And then the first day of spring came, and we have since had three freeze warnings during which I first covered my fledgling sugar snap pea seedlings, and then I gave up.
We also had snow last weekend. I happened to be in Lancaster County, PA (Pennsylvania Dutch Country), where they call a springtime snow an "onion snow". The snow was really wet, and then we had another freeze that night so some emerging plants like my bleeding heart (below) were damaged.
|You can see some of the bleeding heart flowers directly "above" the tulip are damaged.|
For the second year in a row, my Eastern Redbud has bloomed. Last year, I had precisely two flowers on the entire tree. This year, I'm pleased with an entire branch of flowers. The tree heard me threatening to chop it down two years ago and is finally performing.
Completely unfazed by the strange weather, my creeping phlox is in full bloom and has been for a week or two. It's an entire month early, by the way, as it's usually in full bloom in early- to mid-May.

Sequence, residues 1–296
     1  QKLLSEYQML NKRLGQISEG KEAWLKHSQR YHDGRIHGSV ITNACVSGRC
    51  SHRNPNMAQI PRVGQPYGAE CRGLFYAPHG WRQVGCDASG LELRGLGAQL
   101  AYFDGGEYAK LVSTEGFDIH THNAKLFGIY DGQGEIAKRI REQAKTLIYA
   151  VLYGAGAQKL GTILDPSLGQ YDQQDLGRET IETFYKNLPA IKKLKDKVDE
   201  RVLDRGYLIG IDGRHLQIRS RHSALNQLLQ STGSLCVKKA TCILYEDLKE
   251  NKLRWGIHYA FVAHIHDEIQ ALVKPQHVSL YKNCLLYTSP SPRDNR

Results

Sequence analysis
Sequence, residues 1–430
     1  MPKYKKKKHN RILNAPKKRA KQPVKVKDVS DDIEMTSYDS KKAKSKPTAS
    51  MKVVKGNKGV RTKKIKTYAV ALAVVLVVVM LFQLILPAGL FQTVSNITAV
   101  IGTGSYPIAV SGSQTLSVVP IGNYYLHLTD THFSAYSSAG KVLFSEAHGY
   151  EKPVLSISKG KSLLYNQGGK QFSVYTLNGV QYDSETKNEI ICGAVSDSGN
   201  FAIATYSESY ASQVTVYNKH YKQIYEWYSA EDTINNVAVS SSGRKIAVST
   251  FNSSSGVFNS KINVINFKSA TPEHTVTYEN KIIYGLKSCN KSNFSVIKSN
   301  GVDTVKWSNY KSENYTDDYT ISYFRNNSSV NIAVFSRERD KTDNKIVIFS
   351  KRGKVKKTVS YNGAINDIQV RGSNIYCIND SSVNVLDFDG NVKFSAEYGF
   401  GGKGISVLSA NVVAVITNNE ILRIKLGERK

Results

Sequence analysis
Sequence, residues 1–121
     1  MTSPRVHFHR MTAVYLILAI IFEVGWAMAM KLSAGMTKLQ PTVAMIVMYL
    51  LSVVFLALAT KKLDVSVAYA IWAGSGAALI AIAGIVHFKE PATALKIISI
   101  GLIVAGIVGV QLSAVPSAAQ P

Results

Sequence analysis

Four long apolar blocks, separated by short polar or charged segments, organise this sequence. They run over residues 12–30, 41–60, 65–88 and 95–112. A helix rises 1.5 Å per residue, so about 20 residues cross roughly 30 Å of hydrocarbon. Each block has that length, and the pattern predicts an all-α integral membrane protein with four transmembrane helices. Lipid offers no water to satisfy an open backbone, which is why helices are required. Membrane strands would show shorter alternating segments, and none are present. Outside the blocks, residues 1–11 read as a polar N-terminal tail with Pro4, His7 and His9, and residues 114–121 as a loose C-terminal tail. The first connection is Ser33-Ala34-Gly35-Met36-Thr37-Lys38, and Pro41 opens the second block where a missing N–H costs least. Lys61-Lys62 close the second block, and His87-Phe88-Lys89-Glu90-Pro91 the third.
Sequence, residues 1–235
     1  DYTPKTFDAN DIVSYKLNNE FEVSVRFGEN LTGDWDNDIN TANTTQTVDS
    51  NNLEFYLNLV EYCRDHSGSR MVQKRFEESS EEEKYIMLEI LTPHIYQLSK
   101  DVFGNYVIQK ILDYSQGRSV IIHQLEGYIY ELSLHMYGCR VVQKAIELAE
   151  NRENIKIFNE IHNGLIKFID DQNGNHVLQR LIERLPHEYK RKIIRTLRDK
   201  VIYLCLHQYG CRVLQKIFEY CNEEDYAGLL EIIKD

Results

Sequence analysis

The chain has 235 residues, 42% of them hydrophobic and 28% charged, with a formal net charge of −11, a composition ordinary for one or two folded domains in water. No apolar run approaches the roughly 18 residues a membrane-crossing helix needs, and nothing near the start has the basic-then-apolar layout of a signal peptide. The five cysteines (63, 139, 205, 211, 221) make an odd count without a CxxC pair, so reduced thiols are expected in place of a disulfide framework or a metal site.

My Kerria japonica is also about a month early. It's right outside of my back door so it's nice to see.
I was able to move my pot of strawberries to the covered porch during the freeze warnings, so it's doing just fine now. The chives behind it in the photo below looked pretty dead during the "onion snow" (no pun intended) but have since rebounded.
We're less than a third of the way through 2016 and it's already been a very strange year as far as the weather and garden are concerned. How about where you live? Is it business as usual or are you also experiencing a strange spring?